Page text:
It is estimated that the ship would be worth about $1 billion as of 2012- based on the speculation that it had up to 11 million “escudos,” gold coins (coins of 27g of 92 percent gold totaling 8.8 million troy ounces or $11.5 billion) as well as silver coins on board at the time of its sinking.
On November 27, 2015, the San José was discovered by the Colombian Navy using an autonomous underwater vehicle. Colombian marine archaeologists were able to identify the ship by the bronze guns engraved with dolphins. The Colombian government has claimed the galleon as part of its submerged patrimony, thus it is constitutionally obliged to protect and preserve the ship and all its sunken contents. The government has also classified the information regarding the location of the galleon as a state secret.
As of 2018, after discovery, the new estimate of the shipwreck’s treasure is now worth $17 billion.
Padmanabhaswamy Temple Treasure
Discovered in some subterranean vaults of the Sree Padmanabhaswamy Temple in Thiruvananthapuram when five of the six vaults were opened in 2011 upon orders of the Supreme Court of India. The discovery of the treasure attracted widespread national and international media attention as it is considered to be the largest collection of items of gold and precious stones in the recorded history of the world.
The valuables were accumulated in the temple over several thousands of years, having been donated to the Deity, and subsequently stored inside the temple by various Indian dynasties and from rulers and traders of the ancient world and later various colonial powers.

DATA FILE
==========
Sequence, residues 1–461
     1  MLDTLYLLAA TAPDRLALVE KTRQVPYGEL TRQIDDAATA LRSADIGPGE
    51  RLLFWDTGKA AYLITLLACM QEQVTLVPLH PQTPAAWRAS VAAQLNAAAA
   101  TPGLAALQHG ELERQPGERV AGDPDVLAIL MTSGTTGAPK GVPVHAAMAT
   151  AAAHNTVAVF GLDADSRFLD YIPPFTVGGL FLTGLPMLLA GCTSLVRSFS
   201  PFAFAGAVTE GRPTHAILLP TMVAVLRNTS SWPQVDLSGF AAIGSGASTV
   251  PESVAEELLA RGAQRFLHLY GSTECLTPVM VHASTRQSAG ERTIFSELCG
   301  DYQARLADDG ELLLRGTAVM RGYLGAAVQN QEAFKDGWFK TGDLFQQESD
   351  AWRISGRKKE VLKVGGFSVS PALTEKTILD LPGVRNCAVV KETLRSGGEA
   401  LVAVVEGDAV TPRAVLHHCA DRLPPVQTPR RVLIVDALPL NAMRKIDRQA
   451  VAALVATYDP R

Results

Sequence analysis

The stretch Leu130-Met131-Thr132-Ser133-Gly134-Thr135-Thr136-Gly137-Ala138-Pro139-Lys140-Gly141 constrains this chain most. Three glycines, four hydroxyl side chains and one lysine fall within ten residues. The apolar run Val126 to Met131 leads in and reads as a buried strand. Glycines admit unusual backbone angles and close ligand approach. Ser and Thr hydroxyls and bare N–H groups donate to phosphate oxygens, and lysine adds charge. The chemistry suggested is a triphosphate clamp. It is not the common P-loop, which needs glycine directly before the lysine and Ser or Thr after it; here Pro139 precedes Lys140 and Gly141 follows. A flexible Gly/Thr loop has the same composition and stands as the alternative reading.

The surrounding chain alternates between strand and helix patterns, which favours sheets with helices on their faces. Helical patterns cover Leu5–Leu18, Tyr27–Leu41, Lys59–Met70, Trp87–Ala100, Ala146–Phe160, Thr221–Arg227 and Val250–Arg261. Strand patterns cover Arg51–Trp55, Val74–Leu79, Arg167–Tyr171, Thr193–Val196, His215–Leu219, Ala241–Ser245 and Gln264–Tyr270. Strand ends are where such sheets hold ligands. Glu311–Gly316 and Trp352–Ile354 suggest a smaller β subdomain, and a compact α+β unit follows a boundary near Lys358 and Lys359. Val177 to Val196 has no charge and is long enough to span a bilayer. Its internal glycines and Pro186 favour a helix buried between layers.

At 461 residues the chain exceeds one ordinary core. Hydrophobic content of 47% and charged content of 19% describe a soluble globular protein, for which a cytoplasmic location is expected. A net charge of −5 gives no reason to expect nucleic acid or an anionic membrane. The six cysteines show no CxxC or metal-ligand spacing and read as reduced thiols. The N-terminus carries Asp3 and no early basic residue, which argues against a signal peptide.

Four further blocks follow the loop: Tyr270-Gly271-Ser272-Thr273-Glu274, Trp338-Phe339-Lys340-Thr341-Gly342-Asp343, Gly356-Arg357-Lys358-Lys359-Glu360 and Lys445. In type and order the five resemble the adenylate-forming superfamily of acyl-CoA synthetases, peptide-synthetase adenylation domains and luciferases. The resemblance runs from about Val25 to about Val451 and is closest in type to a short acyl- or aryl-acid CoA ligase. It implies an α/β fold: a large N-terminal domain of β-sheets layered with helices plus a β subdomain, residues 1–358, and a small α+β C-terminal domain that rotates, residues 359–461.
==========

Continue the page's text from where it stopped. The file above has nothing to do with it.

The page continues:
After unlocking an iron grille, a heavy wooden door and then removing a granite slab from floor to ceiling, the vaults lead to a dark room where the treasure was kept. Although the full inventory of the treasure has not been released, some items have been confirmed by several news reports. These items include: a four foot high and three foot wide solid pure-gold idol of Mahavishnu studded with diamonds and other fully precious stones, a solid pure-golden throne, studded with hundreds of diamonds and precious stones, meant for the 18-foot idol of another deity, an 18-foot long pure-gold chain amongst thousands of other pure-gold chains, a pure-gold sheaf weighing 1,100 pounds, 1,200 “Sarappali” pure-gold coin chains encrusted with precious stones, several sacks filled with golden artifacts, necklaces, diadems, diamonds, rubies, sapphires, emeralds, gemstones and objects made of other precious metals, hundreds of thousands of gold coins from the Roman empire, 1,800 pounds of gold coins dating to around 200 BC, at least three (maybe more) diamond studded, solid gold crowns, hundreds of pure gold chains, thousands of gold pots and finally, a 600-kg cache of gold coins from the medieval period.
It is still unknown what lies in the final vault, Vault B, but a report from the 1930s suggests that the last vault could be a room reportedly filled with mostly gold and some silver coins.
As of 2011, the total worth of the Temple’s monumental items is conservatively estimated at US$17 billion, solidifying the status of the Padmanabhaswamy Temple as the wealthiest place of worship in the world. If the antique and cultural value were taken into account, these assets could be worth ten times the current market price.